The $3,200 Premium Package 3 gives buyers heated and cooled seats, Sirius with navigation package, panoramic sunroof, folding mirrors, heated steering wheel, and more, so this baby is ready to compete with the best of them.
Power: The 276-horsepower, 3.5-liter V6 moves the Sorento fairly well. But the power is a little unrestrained. It's easy to spin the tires, and when I pressed the accelerator to the floor, the truck would go a little bonkers. I might try either of the 2.4-liter, four-cylinder engines first and see whether the performance is worth a few miles per gallon.
Shifty: The 6-speed automatic comes with SportMatic shift capability, but, like other vehicles of its size, the Sorento doesn't really offer a fun shifting experience. I found I left it in automatic mode and used the gears for downshifting on the steeper slopes of Chester County.
On the road: Kia has not managed to work the big, lumbering truck feeling out the Sorento. It's a little tiring to drive, and handling was a little wonky, lacking a one-with-the-road feeling that the Honda Pilot has.
Carrying cargo: The cargo space behind the third seat was dear. But getting Sturgis Kid 4.0's bicycle over the last two rows was easy. Folding down the seats was not difficult, either; just pull the lever and fold, although a slightly reclined middle row can be an obstacle.
Carrying passengers: The passenger-side middle-row seat does fold out of the way for easier access to the third row.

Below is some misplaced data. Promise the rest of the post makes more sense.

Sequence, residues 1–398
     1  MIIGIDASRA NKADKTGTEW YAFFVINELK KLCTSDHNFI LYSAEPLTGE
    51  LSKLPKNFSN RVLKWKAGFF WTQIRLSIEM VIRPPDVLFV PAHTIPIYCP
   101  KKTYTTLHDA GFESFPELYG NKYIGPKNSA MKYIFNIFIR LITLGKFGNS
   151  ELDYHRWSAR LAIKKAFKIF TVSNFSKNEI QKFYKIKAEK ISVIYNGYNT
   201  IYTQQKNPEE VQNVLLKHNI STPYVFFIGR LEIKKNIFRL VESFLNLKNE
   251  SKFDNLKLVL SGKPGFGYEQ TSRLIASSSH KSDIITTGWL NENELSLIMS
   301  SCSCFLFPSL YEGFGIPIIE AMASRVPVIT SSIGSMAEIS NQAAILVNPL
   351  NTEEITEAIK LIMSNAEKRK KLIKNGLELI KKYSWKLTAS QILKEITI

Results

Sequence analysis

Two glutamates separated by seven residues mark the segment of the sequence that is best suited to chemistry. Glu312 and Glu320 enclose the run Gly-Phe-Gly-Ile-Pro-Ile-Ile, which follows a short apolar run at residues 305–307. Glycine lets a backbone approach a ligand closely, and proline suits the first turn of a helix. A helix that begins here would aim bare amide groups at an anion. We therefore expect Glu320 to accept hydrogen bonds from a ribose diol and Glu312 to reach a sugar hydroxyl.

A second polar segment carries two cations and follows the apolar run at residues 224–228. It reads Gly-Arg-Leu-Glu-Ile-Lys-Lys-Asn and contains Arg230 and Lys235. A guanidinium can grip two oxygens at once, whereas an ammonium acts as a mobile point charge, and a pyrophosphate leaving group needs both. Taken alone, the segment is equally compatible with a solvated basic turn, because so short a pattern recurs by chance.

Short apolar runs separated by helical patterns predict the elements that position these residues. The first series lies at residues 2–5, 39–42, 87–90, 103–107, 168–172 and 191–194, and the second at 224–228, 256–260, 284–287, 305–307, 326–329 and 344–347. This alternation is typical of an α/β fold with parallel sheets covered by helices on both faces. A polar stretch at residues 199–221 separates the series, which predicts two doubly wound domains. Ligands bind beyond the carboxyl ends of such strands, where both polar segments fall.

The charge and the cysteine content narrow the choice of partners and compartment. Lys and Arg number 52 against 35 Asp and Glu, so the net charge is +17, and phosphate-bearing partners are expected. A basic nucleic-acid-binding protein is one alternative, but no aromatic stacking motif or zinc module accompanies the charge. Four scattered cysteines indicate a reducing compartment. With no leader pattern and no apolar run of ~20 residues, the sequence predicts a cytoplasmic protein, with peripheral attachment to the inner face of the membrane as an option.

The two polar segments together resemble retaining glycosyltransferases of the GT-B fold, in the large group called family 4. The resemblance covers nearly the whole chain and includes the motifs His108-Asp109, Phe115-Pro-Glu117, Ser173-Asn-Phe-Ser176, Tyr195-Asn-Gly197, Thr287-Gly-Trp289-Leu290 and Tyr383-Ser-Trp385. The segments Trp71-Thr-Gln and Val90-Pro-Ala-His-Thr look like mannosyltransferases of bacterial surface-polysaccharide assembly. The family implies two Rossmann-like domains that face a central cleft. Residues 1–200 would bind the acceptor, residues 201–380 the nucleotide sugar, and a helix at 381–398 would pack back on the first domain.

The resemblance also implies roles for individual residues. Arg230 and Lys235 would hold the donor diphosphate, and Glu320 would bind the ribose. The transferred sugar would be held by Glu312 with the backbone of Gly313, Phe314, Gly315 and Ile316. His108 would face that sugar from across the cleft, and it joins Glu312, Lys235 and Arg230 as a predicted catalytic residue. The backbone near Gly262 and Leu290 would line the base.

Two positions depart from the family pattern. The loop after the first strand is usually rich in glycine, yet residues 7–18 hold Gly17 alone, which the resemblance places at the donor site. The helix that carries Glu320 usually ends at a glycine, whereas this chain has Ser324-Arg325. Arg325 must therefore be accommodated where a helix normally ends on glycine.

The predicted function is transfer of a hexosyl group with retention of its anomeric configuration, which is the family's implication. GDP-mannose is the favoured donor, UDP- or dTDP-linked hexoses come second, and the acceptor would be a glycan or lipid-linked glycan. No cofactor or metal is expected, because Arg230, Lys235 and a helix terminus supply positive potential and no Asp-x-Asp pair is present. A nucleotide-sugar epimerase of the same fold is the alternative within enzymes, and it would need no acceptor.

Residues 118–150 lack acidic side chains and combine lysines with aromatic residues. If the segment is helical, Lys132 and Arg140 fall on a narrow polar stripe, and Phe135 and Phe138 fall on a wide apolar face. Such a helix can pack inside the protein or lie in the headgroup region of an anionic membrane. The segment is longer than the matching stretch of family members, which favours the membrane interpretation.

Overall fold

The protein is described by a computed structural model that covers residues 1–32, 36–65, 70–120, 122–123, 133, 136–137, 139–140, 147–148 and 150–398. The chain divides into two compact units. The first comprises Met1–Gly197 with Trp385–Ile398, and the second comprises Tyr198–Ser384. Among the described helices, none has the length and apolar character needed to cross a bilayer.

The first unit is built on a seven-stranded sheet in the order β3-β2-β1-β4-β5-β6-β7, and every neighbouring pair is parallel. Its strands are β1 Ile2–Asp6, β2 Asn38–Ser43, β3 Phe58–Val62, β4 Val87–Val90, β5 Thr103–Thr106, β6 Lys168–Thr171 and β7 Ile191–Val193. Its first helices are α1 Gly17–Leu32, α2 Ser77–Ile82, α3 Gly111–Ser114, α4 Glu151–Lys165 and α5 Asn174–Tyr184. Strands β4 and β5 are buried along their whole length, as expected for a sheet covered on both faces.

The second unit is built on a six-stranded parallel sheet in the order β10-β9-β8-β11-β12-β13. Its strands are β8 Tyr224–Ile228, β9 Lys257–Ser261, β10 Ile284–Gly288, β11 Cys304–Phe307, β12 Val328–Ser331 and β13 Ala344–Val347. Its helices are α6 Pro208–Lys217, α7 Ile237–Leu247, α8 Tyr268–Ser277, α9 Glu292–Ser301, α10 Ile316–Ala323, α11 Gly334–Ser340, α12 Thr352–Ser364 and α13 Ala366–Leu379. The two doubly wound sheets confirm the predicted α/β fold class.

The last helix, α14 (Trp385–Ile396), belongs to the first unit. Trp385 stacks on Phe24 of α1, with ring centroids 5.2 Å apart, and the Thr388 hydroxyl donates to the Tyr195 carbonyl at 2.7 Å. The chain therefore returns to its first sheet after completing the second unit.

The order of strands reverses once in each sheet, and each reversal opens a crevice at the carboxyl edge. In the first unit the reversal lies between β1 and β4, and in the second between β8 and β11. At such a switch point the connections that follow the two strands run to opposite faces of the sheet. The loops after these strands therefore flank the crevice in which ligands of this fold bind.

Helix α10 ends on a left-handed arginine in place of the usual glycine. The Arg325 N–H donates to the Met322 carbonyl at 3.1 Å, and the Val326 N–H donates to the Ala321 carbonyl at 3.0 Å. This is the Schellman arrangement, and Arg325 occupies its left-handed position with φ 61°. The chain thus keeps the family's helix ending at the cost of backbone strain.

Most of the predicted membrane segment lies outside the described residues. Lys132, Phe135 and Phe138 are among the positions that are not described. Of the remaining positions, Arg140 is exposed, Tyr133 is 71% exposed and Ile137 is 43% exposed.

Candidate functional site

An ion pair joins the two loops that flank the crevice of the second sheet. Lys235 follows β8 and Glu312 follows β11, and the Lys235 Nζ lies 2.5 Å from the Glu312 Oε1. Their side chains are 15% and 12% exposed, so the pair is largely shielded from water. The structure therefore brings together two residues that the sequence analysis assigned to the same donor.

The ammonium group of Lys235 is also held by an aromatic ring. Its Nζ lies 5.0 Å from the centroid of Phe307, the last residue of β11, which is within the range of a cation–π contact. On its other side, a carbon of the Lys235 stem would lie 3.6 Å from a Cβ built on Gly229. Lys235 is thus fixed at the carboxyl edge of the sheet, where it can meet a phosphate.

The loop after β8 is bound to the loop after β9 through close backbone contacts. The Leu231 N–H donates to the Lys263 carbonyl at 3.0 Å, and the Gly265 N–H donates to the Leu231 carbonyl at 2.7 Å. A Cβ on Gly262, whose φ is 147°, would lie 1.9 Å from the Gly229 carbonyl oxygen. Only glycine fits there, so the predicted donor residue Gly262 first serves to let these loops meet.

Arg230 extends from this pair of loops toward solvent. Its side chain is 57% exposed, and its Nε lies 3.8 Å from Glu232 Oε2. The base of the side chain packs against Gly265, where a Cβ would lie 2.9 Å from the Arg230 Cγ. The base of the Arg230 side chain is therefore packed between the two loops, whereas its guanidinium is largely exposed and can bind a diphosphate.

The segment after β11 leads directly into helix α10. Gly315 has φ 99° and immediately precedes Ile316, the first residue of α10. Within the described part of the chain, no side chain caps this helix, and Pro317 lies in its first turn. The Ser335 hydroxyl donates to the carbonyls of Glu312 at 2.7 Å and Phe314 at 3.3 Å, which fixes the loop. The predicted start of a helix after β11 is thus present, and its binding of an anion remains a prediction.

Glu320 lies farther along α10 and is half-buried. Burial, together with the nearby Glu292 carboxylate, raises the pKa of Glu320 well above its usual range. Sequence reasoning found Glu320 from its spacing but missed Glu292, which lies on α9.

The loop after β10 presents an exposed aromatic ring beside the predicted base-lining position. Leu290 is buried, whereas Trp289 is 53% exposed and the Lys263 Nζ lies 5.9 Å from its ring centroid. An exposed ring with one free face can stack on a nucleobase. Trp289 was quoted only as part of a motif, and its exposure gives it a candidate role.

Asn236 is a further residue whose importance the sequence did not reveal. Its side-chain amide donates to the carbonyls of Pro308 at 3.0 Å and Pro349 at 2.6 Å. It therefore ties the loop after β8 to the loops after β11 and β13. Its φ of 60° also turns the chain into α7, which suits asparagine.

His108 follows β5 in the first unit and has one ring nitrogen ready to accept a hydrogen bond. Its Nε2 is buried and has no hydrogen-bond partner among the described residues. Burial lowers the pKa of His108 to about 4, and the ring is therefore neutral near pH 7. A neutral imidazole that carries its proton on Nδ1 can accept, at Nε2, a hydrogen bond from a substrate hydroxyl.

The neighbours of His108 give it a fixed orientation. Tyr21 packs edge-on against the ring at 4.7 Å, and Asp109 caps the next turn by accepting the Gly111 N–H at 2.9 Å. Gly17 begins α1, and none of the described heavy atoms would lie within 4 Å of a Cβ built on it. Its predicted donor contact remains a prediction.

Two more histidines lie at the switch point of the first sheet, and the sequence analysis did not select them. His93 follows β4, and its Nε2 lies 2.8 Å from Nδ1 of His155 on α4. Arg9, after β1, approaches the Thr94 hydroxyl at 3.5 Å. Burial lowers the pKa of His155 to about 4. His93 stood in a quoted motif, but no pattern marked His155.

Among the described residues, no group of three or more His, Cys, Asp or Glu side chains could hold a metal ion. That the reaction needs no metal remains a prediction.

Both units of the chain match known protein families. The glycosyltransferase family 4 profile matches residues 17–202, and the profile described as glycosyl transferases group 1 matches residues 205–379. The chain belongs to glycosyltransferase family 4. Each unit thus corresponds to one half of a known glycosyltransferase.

But that's the last time adults will feel comfortable in the rear. The third row is all knees in the chest and head against the rear window. And foot room was poor.
The middle row is fixed in position, but comfortable for this 5-foot-10 test passenger.
Tight entry: Yet, getting in the rear doors is not exactly easy. They curve to a tight point at the bottom around the wheel well. This made getting in and out of the rear in close parking spots on a rainy day practically death-defying.
Odd position: Maybe I'm nitpicky, but I just could not get myself into the right position when I drove the Sorento. The driver's seat was comfortable, wide, and firm, but the position of the seat, steering wheel, console, and gas pedal were just not quite matched up. The steering wheel seemed centered too far to the middle of the vehicle, or the seat angled just a little bit too much to the outside corner.
Cheap controls: The steering-wheel buttons were functional and clear, but they looked a little cheap and plasticky. The dash had some cheap, plasticky components and a few nice, soft ones, and a gray veneer across the front added some class.
Weather together: The rear-wiper button is all the way over to the left of the steering column, while the front-wiper control is on a stalk on the right. I find that it generally rains in both the front and the rear of the vehicle, so keeping these items close together seems logical. And the rear wiper has just one setting.
Fuel economy: I observed 22.5 m.p.g. in a mix of highway and city driving, leaning toward suburbs and 45 m.p.h. (The Sorento I tested is listed at 26 m.p.g. highway on the sticker; again, the 3.5-liter version did not get revised EPA fuel-economy numbers.)
Where it's built: West Point, Ga.
How it's built: Reliability and satisfaction are middling in Consumer Reports testing, but a 10-year/ 100,000-mile warranty can alleviate some worry for owners.
In the end: Having tested the Honda Pilot, Dodge Durango, and Chevy Traverse, I couldn't see much to recommend the Sorento beyond price. It's not a bad vehicle, but I'm still smitten with the Pilot, find the Durango a fun ride, and believe the Traverse is most accommodating to passengers.
Contact Scott Sturgis at 215-854-2558 or firstname.lastname@example.org.